Cilic Fires 21 Aces, Into Second Round At Wimbledon
The 2017 runner-up, who won his second Fever-Tree Championships title just eight days ago, fired 21 aces and won 89 per cent of first-serve points en route to victory after one hour and 46 minutes.
"I think [winning the Fever-Tree Championships] prepared me extremely well, just in terms of my confidence. It's very high. I played five quality matches over there," said Cilic. "I was aware that most of the guys who were playing great at Queen's were also continuing to play again over here."
Cilic improves to 28-10 at SW19 after his straight-sets victory and remains unbeaten on grass this season (6-0). Nishioka, who is continuing his comeback from ACL surgery in 2017, was bidding to reach the second round for the first time. The 22-year-old also suffered a first-round loss on his only previous appearance in 2016.
"Luckily I opened really nicely and got a double break in the first set," said Cilic. "Yoshihito, later in the second and third, showed good tennis. He was very solid... so he made me work.
"But I felt quite confident in my serving. I served really well. Didn't have too much trouble during the match and I am definitely extremely happy with that."
The World No. 5 will face Argentina's Guido Pella in the second round. Pella defeated Jason Kubler of Australia 6-4, 7-5, 4-6, 7-6(3) in three hours and eight minutes. Cilic owns a 1-0 FedEx ATP Head2Head record against Pella.
"[Pella is a] very solid player, and he had great success on clay and hard courts, grass not really that much," said Cilic. "We haven't played on grass. But I have seen that he played in Stuttgart, won a couple of matches, and obviously he's getting better on grass."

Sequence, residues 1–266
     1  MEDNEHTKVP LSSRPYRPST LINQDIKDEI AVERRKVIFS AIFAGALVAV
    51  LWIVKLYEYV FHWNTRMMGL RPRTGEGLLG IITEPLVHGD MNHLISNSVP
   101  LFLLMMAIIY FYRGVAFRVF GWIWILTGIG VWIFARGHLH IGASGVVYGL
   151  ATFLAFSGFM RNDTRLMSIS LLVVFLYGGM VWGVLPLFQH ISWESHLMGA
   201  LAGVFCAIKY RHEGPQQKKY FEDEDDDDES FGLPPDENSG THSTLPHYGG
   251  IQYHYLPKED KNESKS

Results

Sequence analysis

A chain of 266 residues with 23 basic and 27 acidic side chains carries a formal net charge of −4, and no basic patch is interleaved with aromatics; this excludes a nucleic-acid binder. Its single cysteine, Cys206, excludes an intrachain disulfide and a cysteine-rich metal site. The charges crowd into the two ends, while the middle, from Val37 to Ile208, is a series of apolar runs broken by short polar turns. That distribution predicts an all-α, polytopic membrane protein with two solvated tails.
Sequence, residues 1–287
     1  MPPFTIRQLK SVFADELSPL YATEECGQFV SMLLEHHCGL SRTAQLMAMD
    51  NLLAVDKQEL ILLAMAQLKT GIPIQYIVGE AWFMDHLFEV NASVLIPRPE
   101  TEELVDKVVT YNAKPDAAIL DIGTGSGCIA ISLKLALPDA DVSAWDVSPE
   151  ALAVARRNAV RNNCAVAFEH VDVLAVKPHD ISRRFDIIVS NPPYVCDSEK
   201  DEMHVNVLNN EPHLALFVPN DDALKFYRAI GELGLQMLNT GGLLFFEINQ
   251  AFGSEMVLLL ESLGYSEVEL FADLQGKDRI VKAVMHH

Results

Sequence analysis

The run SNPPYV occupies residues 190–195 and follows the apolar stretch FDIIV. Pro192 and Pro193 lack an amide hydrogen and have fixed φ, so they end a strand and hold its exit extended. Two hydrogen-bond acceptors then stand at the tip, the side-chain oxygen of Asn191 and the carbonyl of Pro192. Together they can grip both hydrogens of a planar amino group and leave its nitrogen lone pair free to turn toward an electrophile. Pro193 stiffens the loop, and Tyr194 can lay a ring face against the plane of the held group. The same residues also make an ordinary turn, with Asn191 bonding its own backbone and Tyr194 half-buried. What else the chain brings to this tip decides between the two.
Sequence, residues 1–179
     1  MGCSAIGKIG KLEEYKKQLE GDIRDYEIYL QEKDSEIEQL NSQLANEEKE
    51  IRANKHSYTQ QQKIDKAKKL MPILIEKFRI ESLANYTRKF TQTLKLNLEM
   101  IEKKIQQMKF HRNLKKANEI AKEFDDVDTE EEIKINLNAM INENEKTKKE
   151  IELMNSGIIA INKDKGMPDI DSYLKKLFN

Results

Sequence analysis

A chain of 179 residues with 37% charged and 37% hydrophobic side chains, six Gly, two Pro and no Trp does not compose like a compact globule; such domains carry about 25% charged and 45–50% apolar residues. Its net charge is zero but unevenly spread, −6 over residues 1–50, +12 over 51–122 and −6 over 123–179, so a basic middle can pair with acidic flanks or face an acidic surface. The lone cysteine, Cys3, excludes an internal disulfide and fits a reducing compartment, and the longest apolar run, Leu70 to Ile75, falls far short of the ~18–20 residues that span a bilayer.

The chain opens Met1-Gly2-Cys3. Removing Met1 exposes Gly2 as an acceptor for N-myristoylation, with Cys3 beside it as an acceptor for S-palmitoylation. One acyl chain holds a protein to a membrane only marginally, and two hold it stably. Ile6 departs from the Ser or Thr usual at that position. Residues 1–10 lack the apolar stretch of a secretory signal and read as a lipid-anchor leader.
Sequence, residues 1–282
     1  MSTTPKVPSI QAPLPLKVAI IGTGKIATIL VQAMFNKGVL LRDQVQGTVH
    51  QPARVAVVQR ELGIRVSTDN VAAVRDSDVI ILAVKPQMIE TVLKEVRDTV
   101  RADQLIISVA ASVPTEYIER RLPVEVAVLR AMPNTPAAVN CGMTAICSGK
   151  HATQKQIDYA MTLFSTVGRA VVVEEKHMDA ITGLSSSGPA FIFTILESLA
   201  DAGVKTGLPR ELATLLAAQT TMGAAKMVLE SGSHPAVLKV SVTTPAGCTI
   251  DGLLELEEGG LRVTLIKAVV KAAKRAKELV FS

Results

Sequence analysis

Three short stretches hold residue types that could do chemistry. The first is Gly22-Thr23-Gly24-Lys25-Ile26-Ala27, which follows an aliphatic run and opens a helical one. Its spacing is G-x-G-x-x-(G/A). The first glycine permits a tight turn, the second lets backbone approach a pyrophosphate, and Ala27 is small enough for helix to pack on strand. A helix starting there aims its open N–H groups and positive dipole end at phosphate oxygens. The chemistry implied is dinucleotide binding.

The inaugural New York Open champion, appearing at Wimbledon for the 10th time, hit 19 aces to advance after one hour and 55 minutes. Anderson is bidding to reach his first quarter-final at Wimbledon this year, after falling at the Round of 16 stage in three of the past four years.
"I was able to do a good job taking care of my serve games... I felt I played much better in the second and third set," said Anderson. "It was still gusty, hard to find a great rhythm out there, but walking off a grass-court match in straight sets is always a job well done."
The South African has now won nine consecutive matches against Grand Slam qualifiers. Anderson's only defeat against a major qualifier came at the 2011 Australian Open, where he lost in four sets to Blaz Kavcic of Slovenia.
"I felt it took a little bit of time just getting used to conditions... When you've never played an opponent before, you're not quite sure what to expect," said Anderson. "He hits the ball pretty flat, pretty hard. I think he's a pretty good grass-court player."
"[Seppi] is definitely one of the veterans of the tour," said Anderson. "He's a very clean ball striker, very experienced. I played a great match against him last year, so I'd love to bring out that same sort of form on Wednesday. But it's always different. Conditions could be different. You have to be prepared for anything."
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